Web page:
“Family Support is strong. The role of parents/carers in supporting readiness for learning is clearly valued by the Academy team, and a range of approaches are used which enable family needs to be identified and met. As part of transition into the Academy, parents/carers are invited to a presentation and discussion, led by senior leaders and pastoral staff. Details of family support provision, and the range of media available to promote two way communication are discussed, and this information is also included on the Academy website. Facebook issued regularly to engage with parents/carers and to provide updates on developments at Hope Wood, as is a regular newsletter. The two-way ClassDoJo staff-parent communications system, and the Evidence for LearningApp, were also highlighted by parents/carers as providing very helpful information on their child’s wellbeing, learning, and support available. Parents/carers interviewed confirmed that all staff are very welcoming, that they feel part of the Academy family, and that they therefore feel comfortable to get in touch with staff to raise questions, or to ask for support. They also reported that they always get timely responses to meet their needs, that staff are honest, friendly and kind, and go out of their way to help.

“Partnership working is strong. Parents/carers interviewed confirmed that multi-agency links, including the involvement of services such as occupational therapy, promote attendance and student engagement. Partners referred to multi-agency and partnership working as a real strength at Hope Wood. Effective relationships have also continued to be established with opportunity providers, including colleges, employers, community venues and charitable organisations, which provide work experience and visits into the community for students. This partnership work, in turn, enables providers to learn more about the value of the recruitment of neurodiverse staff, and adaptations helpful to enable them to maximise their potential in the community and in the world of work. Collaborative work is improving outcomes for parents/carers and their children”

Families First Quality Award July 2023 


Challenge Partner Review December 2022

  • Leaders at Hope Wood have a clearly articulated high ambition for students, delivered with a strong moral purpose. Leaders are proactive and brave. They are not afraid to take considered risks to meet student need.
  • Thoughtfully planned, bespoke and highly effective CPD is greatly valued by staff, including regular Wednesday sessions for new staff and various academy and trust wide CPD and coaching to improve practice.
  • Teaching assistants (TAs) and instructors have a clear career structure at Hope Wood. Home grown early career teachers (ECTs) have benefited from this structure to become teachers. They are well supported by personalised mentoring and coaching support in and beyond the academy.
  • The cohesive student support team comprises an EHCP officer, safeguarding lead, behaviour support manager, speech and language assistant and family support officer. The team has supported the embedding of Emotion Coaching and Zones of Regulation, referring to trauma informed approaches. Emotion Coaching has significantly reduced the use of physical interventions and changed the culture of the academy for the better. Students benefit from a comprehensive tiered approach to their well-being.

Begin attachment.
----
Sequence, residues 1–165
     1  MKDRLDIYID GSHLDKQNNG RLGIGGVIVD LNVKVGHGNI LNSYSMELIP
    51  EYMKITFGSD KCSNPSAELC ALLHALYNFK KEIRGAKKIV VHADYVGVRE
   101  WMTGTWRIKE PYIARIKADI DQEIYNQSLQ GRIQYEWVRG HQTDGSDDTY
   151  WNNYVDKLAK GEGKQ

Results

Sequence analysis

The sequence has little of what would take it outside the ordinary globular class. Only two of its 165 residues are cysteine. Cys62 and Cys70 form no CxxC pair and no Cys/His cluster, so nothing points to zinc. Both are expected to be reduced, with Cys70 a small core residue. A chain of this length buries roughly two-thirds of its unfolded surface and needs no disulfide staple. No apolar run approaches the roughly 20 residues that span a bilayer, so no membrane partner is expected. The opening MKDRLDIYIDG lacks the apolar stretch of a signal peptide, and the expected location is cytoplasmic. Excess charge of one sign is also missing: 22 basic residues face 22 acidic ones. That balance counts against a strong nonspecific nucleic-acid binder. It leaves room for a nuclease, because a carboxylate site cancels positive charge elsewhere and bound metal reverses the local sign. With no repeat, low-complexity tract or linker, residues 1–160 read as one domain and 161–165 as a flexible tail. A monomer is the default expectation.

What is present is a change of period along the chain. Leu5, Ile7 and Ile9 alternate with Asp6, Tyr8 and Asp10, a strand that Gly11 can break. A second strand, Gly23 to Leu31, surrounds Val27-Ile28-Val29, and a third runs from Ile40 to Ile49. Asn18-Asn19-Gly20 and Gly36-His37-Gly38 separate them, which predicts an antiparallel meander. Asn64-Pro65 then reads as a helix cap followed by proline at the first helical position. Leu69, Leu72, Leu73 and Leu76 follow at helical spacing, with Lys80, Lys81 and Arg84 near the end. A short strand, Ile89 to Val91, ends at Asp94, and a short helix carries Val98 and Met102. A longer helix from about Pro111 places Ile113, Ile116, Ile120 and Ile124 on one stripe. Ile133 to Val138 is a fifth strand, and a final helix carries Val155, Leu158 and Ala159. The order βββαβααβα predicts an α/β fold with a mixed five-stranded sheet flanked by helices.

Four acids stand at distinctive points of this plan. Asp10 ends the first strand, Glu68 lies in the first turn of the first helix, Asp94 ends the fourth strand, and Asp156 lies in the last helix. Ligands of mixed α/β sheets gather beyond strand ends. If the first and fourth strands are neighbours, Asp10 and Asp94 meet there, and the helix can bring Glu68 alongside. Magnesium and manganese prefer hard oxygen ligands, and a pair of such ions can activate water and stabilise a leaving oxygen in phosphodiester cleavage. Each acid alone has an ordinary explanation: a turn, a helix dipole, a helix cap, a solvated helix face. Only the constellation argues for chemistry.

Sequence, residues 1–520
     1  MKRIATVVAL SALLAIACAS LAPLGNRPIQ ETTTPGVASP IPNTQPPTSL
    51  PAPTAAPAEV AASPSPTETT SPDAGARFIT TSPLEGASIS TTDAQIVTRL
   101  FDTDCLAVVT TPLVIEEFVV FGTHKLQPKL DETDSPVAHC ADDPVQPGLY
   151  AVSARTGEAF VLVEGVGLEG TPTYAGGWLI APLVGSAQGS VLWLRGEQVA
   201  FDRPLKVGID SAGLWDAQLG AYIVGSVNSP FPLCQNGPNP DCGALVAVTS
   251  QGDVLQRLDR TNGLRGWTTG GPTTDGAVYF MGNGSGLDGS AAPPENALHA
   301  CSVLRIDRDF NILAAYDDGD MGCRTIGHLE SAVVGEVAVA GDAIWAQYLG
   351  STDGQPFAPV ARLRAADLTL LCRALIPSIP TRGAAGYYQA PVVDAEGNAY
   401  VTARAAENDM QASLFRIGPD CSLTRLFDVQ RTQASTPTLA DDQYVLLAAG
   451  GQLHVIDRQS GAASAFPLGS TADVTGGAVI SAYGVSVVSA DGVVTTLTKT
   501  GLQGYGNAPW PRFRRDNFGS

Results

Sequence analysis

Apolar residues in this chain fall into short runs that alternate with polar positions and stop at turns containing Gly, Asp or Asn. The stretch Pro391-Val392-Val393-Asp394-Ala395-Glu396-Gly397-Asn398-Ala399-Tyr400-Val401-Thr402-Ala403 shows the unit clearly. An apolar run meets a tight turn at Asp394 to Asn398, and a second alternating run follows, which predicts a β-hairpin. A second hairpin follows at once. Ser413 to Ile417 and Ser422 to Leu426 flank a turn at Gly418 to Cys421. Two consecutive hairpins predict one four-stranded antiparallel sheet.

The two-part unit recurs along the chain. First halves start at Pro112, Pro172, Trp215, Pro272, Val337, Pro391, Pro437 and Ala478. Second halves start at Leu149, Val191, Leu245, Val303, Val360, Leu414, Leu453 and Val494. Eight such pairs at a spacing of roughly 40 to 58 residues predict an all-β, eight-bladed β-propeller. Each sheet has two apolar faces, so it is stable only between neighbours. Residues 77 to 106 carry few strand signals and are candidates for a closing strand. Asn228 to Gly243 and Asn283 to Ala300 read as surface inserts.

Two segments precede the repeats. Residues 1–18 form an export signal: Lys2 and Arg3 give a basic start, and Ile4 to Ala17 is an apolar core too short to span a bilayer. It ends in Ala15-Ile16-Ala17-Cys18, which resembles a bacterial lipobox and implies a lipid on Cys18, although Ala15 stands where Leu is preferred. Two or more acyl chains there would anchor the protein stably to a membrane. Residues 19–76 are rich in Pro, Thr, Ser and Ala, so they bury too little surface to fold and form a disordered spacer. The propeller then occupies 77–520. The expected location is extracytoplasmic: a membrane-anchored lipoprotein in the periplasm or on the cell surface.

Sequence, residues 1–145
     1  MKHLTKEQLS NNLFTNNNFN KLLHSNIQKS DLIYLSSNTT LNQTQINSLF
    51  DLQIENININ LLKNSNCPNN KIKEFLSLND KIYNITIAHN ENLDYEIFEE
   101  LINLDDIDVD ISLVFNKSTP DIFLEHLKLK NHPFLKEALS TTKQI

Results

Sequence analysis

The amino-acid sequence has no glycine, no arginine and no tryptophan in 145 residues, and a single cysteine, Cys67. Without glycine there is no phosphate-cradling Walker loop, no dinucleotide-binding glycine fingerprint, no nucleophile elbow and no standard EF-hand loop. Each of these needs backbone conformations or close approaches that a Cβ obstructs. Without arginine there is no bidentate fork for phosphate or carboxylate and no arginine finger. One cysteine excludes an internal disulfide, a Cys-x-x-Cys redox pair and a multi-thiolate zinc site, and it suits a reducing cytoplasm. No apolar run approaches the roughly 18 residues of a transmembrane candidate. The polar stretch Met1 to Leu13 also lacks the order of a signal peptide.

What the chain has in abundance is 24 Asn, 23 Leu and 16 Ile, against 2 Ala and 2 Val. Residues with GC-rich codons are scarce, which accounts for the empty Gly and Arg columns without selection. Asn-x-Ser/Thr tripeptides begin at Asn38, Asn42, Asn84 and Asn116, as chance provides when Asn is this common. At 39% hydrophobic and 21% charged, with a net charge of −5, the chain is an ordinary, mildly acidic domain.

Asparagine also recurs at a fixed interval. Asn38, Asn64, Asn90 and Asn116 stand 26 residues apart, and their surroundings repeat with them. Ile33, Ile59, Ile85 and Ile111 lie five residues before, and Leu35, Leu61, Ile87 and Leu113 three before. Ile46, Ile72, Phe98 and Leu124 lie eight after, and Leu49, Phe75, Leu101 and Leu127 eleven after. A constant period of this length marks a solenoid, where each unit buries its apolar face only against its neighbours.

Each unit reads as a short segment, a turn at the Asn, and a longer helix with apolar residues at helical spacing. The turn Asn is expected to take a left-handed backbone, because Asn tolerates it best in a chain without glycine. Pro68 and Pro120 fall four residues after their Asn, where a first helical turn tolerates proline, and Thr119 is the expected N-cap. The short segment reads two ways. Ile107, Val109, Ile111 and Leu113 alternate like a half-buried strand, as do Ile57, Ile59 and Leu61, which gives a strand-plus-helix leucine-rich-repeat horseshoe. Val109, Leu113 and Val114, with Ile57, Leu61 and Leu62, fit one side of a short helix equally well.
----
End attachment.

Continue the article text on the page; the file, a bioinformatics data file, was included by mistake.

• Curriculum conversations enhance professional dialogue between leaders at all levels with the ethos of ‘doing with’ not ‘doing to,’ supporting holistic quality assurance of the curriculum.
  • Teaching staff have a deep knowledge of their students and subjects. Trusting relationships are a key feature of the academy. Students feel safe to express themselves and take risks in their learning. Conduct and behaviour for learning are exemplary.
  • The culture of kindness and support is palpable. In the student voice meeting a student offered to teach a colleague how to tie their laces. In a mathematics lesson a student saw that a fellow student had made a mistake and suggested a new approach to the problem.
  • Due to well thought out structures, routines and learning activities, students engage well with their learning. Transitions within and between classes are well organised and efficient.

Challenge Partners report December 2022


Rights Respecting School Award Visit November 2021

  • Strong pupil voice which has led to changes in school and influenced policy and practice in the local authority and local businesses, impacting on rights beyond the school gates.
  • Pupil voice is now central to the EHCP review process, and the school makes sure this is effective not tokenistic.
  • Good understanding of equity across the school community which ensures that young people are supported in the best ways for them, for example through Emotion Coaching when dealing with behaviour incidents, meaning that positive relationships are underpinned by an understanding of rights.
  • UN Global Goals are driving policy and practice in areas of work across the Ascent Academies’ Trust, including work on sustainability and poverty proofing.

Hope Wood Academy Gold Accreditation Report November 2021